On a day in which we here at Lion of Vienna would like to bring attention to the serious issue of mental health in sport, but also just in life as a whole, it only seems right that we talk about Gary Speed, who oh so tragically killed himself in on November 27th 2011.
Speed was only 42 when he took his own life, but this article isn't about that, it isn't about his sad end, it's about a legendary footballer who brought joy to so many.
I was only young when I first began watching Bolton Wanderers and, as he no doubt did with so many, Speed quickly become one of my favourite players to don the white. He was always in the team without fail and he always performed without fail. There was nothing ever flashy about his performances but, with his black boots, he would marshall the midfield like a seasoned commander. He'd dominate on the ball and off it.
Speed scored the first ever goal of my time with a season ticket at the Reebok, the low and hard free kick against Liverpool after Pepe Reina had "handled" outside of the box. My prodiminent memory of Speed on the pitch was that he was always a good call for a 1-0/correct scorer bet, and he once obliged with a cooly taken last minute penalty.
Off the pitch, I will always remember Speed for his kindness. As a youngster I would often frequent the "Junior Whites" parties and Speed always looked happy to be there and interacting with the fans, never looked like he was just being forced to appear. I used to sit under the studio where the TV presenters would sit if Bolton were ever on TV, and Speed was a guest for them one. I remember looking up and seeing him and putting a thumbs up to him, in vein hope that he'd notice me. He did and happily returned the thumbs up. It was hardly anything ground shattering, but as a kid I was blown away that one of my heroes actually noticed me, and that I will never forget.
Speedo isn't just a legend in Lancashire, he's adored all over this land, especially in Newcastle, Leeds, Sheffield, Merseyside and, obviously, Wales. He made over 600 appearances, most of which in the Premier League, for such well renowned clubs and was unquestionably loved by all of them.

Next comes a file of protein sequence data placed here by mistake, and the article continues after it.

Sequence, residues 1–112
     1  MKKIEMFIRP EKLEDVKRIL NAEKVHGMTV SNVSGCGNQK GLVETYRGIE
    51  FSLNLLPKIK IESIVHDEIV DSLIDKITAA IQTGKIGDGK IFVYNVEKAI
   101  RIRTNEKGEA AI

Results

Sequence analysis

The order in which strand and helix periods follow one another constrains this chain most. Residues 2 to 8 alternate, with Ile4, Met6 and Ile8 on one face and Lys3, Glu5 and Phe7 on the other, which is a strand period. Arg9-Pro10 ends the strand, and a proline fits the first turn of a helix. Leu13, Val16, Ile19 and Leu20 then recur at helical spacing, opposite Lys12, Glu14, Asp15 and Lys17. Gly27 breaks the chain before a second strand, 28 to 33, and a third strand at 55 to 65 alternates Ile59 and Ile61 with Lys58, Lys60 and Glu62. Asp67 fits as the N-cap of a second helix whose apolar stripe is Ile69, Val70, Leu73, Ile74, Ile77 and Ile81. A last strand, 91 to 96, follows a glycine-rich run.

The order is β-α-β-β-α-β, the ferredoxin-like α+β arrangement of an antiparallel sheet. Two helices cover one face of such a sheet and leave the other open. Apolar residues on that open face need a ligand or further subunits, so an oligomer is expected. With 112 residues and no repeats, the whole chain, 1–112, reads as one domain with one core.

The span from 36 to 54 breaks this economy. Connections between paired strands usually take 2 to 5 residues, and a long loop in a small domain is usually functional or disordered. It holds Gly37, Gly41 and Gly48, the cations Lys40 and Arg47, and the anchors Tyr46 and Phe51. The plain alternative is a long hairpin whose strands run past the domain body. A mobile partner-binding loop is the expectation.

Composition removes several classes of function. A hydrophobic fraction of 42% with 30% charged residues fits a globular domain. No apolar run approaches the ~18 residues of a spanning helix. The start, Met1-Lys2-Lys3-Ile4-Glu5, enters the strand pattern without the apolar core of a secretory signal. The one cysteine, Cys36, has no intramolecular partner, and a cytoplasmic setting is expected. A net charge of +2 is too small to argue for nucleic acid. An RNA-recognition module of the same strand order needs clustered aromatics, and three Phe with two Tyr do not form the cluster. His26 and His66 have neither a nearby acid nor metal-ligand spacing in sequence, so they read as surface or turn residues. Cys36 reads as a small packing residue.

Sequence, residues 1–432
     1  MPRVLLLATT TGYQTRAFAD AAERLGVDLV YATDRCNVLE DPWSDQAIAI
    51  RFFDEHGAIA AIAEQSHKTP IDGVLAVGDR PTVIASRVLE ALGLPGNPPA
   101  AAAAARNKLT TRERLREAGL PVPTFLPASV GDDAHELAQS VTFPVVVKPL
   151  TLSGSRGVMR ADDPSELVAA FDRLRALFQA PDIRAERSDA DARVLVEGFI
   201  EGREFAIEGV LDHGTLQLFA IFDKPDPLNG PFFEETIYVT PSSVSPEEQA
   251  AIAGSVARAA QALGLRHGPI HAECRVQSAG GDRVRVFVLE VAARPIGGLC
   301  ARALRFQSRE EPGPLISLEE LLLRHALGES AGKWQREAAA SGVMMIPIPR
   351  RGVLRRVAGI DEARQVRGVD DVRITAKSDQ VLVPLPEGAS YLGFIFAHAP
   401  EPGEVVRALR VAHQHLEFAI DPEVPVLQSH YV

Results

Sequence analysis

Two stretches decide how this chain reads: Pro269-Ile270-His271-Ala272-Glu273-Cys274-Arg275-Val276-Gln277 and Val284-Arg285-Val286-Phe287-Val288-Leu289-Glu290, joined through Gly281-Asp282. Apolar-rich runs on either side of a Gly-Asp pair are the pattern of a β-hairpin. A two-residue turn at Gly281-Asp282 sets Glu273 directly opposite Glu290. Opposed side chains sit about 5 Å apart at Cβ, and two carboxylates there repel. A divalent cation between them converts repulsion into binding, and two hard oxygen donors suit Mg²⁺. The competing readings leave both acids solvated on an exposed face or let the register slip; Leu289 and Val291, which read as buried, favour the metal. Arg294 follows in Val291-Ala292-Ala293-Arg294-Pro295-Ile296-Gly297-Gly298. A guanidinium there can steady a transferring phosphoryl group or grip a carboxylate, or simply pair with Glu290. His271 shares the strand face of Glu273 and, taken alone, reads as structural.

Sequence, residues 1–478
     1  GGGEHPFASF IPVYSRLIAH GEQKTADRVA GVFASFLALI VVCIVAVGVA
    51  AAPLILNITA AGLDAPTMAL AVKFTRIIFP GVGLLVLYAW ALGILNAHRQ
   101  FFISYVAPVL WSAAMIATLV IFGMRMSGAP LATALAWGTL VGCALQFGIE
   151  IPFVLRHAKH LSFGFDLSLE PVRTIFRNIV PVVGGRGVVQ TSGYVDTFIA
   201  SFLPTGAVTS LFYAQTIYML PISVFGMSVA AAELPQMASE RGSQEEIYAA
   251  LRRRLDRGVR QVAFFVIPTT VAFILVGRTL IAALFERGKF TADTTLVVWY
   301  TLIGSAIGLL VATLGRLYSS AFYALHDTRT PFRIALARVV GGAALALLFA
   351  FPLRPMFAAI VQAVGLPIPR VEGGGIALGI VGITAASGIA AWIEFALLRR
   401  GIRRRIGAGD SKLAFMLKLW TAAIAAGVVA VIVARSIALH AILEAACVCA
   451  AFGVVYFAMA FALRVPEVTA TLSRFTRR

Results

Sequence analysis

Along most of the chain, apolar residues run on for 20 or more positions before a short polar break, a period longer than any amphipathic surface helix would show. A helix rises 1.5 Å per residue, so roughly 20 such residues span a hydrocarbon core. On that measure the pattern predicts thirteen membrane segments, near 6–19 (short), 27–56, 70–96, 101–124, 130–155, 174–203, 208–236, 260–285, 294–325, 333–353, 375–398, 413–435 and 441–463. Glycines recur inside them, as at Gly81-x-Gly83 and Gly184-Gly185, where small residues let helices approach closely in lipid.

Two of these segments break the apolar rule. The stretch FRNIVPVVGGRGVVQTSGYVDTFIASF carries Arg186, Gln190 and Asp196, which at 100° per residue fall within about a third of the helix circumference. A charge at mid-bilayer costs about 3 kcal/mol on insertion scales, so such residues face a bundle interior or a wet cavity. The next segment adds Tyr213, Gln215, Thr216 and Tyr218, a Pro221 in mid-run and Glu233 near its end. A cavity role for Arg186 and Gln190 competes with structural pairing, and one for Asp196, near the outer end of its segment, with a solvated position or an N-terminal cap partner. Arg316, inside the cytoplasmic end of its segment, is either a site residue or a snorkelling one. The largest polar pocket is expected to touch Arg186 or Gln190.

It should have been of little surprise that when Speed's career came to an end and he moved into football management, he was just as successful. As manager of his nation, he started the revolution that would lead them to be semi-finalists at Euro 2016. A feat that may never have been achieved if it weren't for him. There was little doubt in my mind that (had we still been in the Premier League etc) he would have managed us one day.
Gary Speed is player that I will always remember with joy, and then a pang of sadness, because there is no telling just what more he could have achieved.
Speed was on Football Focus the day before he took his own life, and I imagine not one of the people watching could have sensed that were was anything wrong at all. I still remember the shock and surprise that everyone felt when the tragic news was announced. Speed's death should be remembered because it teaches us all an important lesson, it doesn't matter how successful someone is, how much money they have, or even how they make themselves appear to the outside world. Mental illness is a disease that can attack and cripple anybody, at any time, and it shouldn't be a stigma to reach out and talk to someone about it.
Medical statistics show that 25% of the UK population will suffer from a mental illness at some point in their life, that's about 16025000 people. On this mental health day we should all remember that we all suffer in our own ways, some small some much bigger, but none of us should be afraid to talk about it.